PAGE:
domestic violence

Is Morrison hiding cost of domestic violence against women?

The Prime Minister’s response to Monday’s March4Justice rallies across Australia was a disgrace but not unexpected given the government’s apparent attempts to hide data on the rising cost...

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The Prime Minister’s response to Monday’s March4Justice rallies across Australia was a disgrace but not unexpected given the government’s apparent attempts to hide data on the rising cost of the domestic violence against women under the excuse of COVID-19.

The Federal Government commissioned KPMG to provide an update to its 2016 report titled; The cost of violence against women and their children in Australia, and the research was provided to the Department of Social Services at the start of last year – prior to lockdowns in March.

This KPMG report would have been the first report of its kind released under the Scott Morrison government. Indeed had it been released, he may have , just maybe, have delivered a better speech than the disgraceful one to Parliament yesterday.

“First and foremost this is a matter of human rights and dignity,” says Social Outcomes economists Nicki Hutley. “If the he or government can’t understand that, then they should understand the economic costs of failing to act in terms of the lack of productivity for these women – these costs are enormous.

“It’s not just the loss of life, women suffer from absenteeism and presentism – where they are at work but are so deeply affected that they can’t function properly. Then these are the mental health impacts which affect women and children for the rest of their lives,” says Hutley.

Without adequate, timely and publicly available research, it becomes more difficult to call on the government of the day to accept responsibility for a growing problem under their watch.

It also means that victims of domestic violence (DV) are denied a voice, and a culture of gender inequality against women is perpetuated.

It also becomes more difficult to measure and address the severity of Australia’s growing problem.

In 2016, KPMG noted:

  • The cost of violence against women and their children in Australia is $22 billion in 2015-16.
  • Victims and survivors bear $11.3 billion, or 52 per cent, of the total costs.
  • The Australian Government, state and territory governments bear $4.1 billion or 19 per cent of the total costs.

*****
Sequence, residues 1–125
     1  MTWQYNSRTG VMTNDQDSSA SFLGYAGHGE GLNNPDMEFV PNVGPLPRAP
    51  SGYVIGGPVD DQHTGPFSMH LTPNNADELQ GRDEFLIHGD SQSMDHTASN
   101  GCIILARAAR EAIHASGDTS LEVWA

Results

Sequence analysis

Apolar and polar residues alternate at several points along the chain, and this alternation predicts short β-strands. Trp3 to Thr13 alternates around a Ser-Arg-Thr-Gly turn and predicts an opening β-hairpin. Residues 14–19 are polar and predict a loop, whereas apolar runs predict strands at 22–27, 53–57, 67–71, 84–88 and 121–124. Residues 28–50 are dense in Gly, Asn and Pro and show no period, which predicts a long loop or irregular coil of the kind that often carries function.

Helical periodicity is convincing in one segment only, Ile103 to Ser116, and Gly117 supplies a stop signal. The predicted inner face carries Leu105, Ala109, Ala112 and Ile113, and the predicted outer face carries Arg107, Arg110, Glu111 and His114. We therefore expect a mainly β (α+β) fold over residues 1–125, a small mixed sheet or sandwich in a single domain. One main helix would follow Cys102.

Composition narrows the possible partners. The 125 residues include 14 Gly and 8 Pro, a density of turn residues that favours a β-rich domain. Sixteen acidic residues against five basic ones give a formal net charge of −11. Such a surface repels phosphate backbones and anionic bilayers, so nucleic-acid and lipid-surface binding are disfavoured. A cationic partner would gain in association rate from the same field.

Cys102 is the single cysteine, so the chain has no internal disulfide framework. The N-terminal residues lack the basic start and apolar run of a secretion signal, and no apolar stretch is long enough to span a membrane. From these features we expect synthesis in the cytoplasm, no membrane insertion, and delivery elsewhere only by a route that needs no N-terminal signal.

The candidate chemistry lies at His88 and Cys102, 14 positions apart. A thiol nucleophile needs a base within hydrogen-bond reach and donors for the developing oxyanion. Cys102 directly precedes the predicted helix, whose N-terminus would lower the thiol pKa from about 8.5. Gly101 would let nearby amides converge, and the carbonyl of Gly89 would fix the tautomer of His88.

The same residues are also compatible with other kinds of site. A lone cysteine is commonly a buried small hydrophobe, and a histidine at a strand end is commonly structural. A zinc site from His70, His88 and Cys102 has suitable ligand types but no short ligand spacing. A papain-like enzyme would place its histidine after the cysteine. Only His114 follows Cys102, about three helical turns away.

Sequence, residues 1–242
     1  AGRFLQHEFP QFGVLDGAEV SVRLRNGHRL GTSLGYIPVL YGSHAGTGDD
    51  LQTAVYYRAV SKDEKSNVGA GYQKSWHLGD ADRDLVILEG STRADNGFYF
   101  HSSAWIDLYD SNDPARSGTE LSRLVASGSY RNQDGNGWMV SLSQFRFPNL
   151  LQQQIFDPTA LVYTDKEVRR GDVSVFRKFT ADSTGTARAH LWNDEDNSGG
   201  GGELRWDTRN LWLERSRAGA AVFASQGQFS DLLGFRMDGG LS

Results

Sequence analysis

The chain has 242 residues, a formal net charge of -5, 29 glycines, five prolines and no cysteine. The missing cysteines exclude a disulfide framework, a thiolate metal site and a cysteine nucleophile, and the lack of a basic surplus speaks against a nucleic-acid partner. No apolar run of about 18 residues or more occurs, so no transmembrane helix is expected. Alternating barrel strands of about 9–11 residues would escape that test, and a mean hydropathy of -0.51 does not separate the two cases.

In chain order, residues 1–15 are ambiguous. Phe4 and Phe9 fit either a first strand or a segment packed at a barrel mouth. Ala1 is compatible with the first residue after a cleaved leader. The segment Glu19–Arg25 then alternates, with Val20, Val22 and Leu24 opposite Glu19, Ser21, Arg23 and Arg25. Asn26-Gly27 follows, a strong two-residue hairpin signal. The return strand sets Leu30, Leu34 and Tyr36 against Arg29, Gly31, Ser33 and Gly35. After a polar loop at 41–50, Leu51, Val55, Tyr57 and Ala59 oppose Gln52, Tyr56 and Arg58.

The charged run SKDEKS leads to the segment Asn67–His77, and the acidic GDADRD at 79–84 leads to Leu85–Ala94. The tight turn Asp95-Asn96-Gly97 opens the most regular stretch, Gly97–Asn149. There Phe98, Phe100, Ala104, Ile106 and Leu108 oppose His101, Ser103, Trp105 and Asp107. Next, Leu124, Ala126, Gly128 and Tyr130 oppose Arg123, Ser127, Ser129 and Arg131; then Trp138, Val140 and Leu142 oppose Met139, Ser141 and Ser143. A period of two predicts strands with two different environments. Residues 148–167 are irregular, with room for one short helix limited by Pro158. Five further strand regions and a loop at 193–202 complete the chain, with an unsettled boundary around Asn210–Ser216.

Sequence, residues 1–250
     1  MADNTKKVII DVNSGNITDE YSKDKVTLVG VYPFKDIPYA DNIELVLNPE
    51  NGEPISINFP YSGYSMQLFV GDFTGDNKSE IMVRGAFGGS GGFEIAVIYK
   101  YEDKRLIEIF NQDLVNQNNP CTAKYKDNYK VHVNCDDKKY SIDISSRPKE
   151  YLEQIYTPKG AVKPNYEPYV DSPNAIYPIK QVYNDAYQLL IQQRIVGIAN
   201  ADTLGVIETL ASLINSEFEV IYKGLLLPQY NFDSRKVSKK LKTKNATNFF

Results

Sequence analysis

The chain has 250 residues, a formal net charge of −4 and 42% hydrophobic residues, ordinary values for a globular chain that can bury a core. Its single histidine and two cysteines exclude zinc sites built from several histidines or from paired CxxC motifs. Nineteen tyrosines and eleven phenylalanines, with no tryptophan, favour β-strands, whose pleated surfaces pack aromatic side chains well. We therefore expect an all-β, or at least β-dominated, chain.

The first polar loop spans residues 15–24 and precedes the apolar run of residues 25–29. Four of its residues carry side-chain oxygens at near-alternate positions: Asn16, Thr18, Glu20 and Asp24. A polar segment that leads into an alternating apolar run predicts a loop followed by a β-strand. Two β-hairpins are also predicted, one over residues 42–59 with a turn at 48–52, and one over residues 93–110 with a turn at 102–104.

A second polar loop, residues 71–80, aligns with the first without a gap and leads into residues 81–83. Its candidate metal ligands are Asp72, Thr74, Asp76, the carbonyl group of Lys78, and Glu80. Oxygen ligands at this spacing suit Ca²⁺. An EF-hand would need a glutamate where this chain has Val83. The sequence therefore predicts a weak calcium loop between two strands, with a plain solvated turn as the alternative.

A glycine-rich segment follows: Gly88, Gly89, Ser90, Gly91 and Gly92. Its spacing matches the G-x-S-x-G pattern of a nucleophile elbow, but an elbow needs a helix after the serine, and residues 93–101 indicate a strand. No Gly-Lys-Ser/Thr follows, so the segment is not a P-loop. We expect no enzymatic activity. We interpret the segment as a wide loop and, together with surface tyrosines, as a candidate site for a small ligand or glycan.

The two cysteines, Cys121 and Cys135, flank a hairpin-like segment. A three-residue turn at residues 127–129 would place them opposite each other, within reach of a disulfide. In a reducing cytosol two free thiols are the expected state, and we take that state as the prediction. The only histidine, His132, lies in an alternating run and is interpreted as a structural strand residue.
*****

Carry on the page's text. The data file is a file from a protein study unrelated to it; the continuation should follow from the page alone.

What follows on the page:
• The community, children of women experiencing violence, the perpetrators, employers, and friends and family bear $6.5 billion, or 29 per cent, of the total costs.
  • Underrepresentation of Aboriginal and Torres Strait Islander women, pregnant women, women with disability, and women who are homeless within national prevalence estimates may add a further $4 billion to the cost of violence against women and their children in Australia in 2015-16.

As I wrote in this article for Yahoo Finance, COVID-19 has made matters worse as women and children have more often than not been trapped living around the clock in domestic violence situations.

Since the Federal Government announced compulsory lockdowns due to Covid-19 in March of last year, the number of cases of domestic violence and the severity of abuse has increased significantly.

Chronic underfunding to family violence legal assistance and support services has also stretched organisations to breaking point, Women’s Legal Services Australia has warned.

Julie Kun CEO of WIRE Women’s Information, which helps victims of abuse, says if the government has new data on the rising cost of violence against women in Australia it must be made available.

“Transparency is a good thing and we should be able to see it [data] and it will help us better inform how we deal with this thing that is family violence.”

An online survey of 15,000 women published in July last year by the Institute of Criminology found that two-thirds of women who experienced physical or sexual violence by a current or former cohabiting partner since the start of the Covid-19 pandemic said the violence had started or escalated in the three months prior to the survey.

Many front line agencies that help women and families experiencing domestic violence say abuse cases have basically doubled since the March Covid-lockdowns began.

“Before Covid, 40 per cent of the calls we were getting were related to family violence, now it’s over 60 per cent,” says Ms Kun.

“What that’s telling us is either more people are seeking help or more abuse is happening.”

Joanna Fletcher CEO of Women’s Legal Services Victoria says her organisation is also turning away 40 per cent of women seeking assistance due to lack of staff and resources.

“These are highly disadvantaged women who are needing free legal help.

“We also know the causes of violence of women come from lack of gender equity and attitudes and beliefs about violence and the place of women.

“International research supports the belief that in societies that are less equitable, are more likely to have higher incidences of violence against women.”

Kristin Hunter the CEO of Future Super, says the government needs to do more to help victims of domestic violence with targeted spending, rather than relying on initiatives such as the early access to superannuation scheme.

“Forcing vulnerable people to raid their retirement funds is pushing the problem down the road.

“There is a huge opportunity for the government to redirect some of the stimulus that has gone to male dominated industries and to tax reduction for high income earners to support vulnerable women who are being made more vulnerable because of the pandemic,” she says.

“The push to focus on individual factors is a distraction away from talking about systemic failures that have put individuals in those situations in the first place.”

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